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Meet the First Public-Sector Chief Electric Vehicle Officer in the Nation

The Oregon Department of Transportation's Ashley Horvat promotes an emerging form of transportation to meet the state's economic goals.

A lot of states talk about sustainability and the economic benefits of promoting new green technologies, but Oregon is taking things one step further: It has the nation's first-ever public-sector Chief Electric Vehicle Officer, a position Ashley Horvat has held since April 2013.

The unique position was created within the Oregon Department of Transportation (ODOT) to promote the sale and use of electric vehicles (EVs) in the state, a position Horvat took after the governor’s office determined the work she was doing in that space was crucial enough to warrant a dedicated, long-term position.

Before joining ODOT, Horvat worked at the Oregon Department of Energy as an analyst and at the Michigan Environmental Council working on environmental policy. Today, she works on programs in Oregon and collaborates with departments of transportation around the country to achieve the long-term goal of putting 3.3 million zero-emission vehicles on the road by 2025 (to put it in perspective, there are only about 250,000 electric vehicles registered in the United States today).

On May 29, this long-term goal, or "action plan," was agreed upon by governors from California, Connecticut, Maryland, Massachusetts, New York, Oregon, Rhode Island and Vermont. The plan has 11 points, which include things like working with dealers' associations to create consumer incentives, removing industry barriers and spurring research, Horvat said. “It’s more of a concrete way of telling automakers that we’re wanting to work together to make this happen,” she explained.

For the last few years, Horvat has worked on EV projects to help support Oregon’s broader economic development strategy. A state document outlining its “Energize Oregon” program explains that “switching from using gas to electricity as transportation fuel ... creates jobs and supports economic growth.” The $8 billion Oregonians spend on gas each year could instead be spent on goods and services that support the local economy, while expanding the electric vehicle industry locally could attract high-value investments and high-skill workers to the state.

Horvat began her work at ODOT leading Oregon’s piece of the West Coast Electric Highway program, a cooperation between California, Oregon and Washington states. Most EVs get less than 100 miles of travel per charge, so the idea of this program was to create infrastructure that would allow an electric vehicle user to travel from Mexico to Canada without fear of running out of power. The program’s current $4 million in funding will extinguish this year, as 40 of the 43 planned charging stations are now installed, Horvat said. She added that Oregon’s original piece of the project has been complete since March 2012, and now they’re helping the other states complete their routes and expanding their own charging stations along the Oregon coastline, over the Cascades, along the Columbia River Gorge, and over Mt. Hood.

Horvat also conceived the EV Ambassadors program, not yet launched, which is intended to provide prospective first-time EV buyers with an additional information resource. ODOT is building partnerships with the Citizens' Utility Board and an automaker to identify EV owners throughout the state who would be willing to attend events and answer questions in their communities about the vehicles, Horvat said. Switching to an all-electric vehicle is a big change, she explained, and people may not want to get their information from a state worker or an industry representative.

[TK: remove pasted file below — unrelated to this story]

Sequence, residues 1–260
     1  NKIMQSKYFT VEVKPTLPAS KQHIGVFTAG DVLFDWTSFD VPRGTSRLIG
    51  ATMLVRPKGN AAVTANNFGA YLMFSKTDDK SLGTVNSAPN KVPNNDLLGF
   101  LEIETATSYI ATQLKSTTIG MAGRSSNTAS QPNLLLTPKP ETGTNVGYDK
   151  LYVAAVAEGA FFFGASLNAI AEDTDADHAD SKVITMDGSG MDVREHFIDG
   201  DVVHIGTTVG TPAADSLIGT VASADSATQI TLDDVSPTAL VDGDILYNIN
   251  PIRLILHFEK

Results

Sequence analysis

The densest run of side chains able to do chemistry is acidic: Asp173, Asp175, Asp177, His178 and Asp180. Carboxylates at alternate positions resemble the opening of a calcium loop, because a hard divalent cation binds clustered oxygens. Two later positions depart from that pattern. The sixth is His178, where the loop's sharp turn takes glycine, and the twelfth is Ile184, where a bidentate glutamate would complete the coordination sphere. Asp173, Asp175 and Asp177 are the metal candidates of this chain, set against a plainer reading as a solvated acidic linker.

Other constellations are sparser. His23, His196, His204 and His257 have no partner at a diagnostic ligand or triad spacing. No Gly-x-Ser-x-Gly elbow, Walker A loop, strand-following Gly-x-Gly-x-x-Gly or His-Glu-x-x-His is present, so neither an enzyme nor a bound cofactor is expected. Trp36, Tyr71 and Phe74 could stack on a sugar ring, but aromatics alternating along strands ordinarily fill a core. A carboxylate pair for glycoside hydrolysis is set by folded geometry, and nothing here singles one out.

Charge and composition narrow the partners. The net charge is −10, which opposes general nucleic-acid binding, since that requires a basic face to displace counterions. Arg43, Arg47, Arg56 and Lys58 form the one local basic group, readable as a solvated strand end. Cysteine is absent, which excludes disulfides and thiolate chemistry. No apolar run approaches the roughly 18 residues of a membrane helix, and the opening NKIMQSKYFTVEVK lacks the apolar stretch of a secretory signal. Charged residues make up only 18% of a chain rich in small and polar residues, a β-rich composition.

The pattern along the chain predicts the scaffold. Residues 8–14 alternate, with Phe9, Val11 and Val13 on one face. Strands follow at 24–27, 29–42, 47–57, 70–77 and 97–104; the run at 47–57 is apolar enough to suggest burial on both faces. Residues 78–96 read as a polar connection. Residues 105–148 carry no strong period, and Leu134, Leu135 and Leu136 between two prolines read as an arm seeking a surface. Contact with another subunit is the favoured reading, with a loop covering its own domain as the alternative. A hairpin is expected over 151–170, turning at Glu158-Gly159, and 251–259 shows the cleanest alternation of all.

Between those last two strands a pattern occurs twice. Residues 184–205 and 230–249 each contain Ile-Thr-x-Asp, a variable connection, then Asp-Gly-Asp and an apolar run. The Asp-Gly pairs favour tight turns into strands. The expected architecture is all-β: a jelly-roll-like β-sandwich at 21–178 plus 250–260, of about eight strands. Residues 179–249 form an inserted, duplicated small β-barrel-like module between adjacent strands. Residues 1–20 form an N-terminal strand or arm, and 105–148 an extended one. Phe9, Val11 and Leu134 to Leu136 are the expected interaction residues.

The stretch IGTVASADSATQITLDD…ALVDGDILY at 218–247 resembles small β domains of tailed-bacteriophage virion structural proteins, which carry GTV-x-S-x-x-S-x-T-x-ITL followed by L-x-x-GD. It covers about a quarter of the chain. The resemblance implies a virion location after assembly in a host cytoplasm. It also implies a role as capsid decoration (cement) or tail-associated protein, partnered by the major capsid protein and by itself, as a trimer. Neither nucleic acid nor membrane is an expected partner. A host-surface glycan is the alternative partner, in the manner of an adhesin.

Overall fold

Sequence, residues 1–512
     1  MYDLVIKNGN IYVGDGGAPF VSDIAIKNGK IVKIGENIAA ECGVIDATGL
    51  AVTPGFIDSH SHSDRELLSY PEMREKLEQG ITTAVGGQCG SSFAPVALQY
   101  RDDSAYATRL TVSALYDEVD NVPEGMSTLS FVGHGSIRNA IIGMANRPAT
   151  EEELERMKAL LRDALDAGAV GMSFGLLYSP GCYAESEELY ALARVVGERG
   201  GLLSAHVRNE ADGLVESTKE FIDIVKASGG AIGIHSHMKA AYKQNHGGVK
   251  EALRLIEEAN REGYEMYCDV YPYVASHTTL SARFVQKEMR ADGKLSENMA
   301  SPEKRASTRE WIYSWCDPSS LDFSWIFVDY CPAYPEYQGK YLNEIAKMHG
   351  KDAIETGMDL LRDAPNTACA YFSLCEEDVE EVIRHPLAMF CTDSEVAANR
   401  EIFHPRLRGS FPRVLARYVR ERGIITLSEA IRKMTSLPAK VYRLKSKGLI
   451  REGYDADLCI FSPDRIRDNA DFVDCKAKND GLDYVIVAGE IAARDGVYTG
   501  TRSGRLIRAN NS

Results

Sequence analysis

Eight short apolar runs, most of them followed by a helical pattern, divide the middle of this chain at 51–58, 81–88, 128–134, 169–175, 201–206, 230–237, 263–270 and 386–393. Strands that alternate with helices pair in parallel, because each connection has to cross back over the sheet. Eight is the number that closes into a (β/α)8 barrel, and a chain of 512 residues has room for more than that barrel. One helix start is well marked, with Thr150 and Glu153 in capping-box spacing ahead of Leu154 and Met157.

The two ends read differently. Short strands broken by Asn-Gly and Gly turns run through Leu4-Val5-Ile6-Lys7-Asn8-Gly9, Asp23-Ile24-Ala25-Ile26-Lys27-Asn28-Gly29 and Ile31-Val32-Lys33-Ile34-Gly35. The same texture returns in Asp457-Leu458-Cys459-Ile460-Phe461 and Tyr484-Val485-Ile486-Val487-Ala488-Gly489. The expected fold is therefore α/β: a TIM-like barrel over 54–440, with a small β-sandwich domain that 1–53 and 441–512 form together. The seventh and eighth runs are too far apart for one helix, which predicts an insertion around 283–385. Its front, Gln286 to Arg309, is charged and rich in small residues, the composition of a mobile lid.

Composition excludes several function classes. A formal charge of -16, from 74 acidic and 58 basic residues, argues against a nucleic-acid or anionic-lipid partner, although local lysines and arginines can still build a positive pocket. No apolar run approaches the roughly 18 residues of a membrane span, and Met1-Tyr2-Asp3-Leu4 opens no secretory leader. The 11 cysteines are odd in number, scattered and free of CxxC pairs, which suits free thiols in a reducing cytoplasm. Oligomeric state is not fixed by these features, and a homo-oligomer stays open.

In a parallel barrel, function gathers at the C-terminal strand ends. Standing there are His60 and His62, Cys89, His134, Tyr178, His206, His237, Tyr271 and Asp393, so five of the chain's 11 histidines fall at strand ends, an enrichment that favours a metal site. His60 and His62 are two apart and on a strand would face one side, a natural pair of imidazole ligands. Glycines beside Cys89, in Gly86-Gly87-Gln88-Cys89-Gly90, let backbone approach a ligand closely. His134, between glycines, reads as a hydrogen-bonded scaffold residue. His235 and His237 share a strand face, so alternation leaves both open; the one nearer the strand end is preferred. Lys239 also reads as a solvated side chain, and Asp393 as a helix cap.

Horvat co-chairs the Energize Oregon Coalition, through which the state has built partnerships with nearly 100 organizations, including Honda, Toyota and Nissan, Horvat said. “That kind of gives us a medium to do projects and have discussions,” she said. “It’s not just another place to have meetings. We actually do stuff – we create real projects and get them implemented pretty quickly.”

One such project is the state’s EV tourism program, an initiative run through Travel Oregon called Oregon Electric Byways. In partnership with Enterprise Rent-A-Car, the program offers tourists a choice of five curated trips centered around the use of an electric vehicle. In addition to the usual restaurant and sights recommendations, participants also get information about where to pick up their electric vehicle and where they can charge it. That program has exhibited precisely the type of economic growth and public-private interaction that the state is looking for, Horvat said.

A few weeks ago, the program hosted a countryside wine tour, which got people stopping at local businesses while they charged their vehicles. Even better, she said, within a week of the event, three wineries contacted their office and found electricians who installed charging stations at their sites.

Horvat explained that she sees her position as a needed intermediate step to the future of electric vehicles. But hopefully, she said, someday her position won’t be needed -- because private industry will see the value in supporting electric vehicles and the market will support itself.

Editor's Note: Minor accuracy updates were made to this story on May 30 at 2 p.m.

Colin wrote for Government Technology and Emergency Management from 2010 through most of 2016.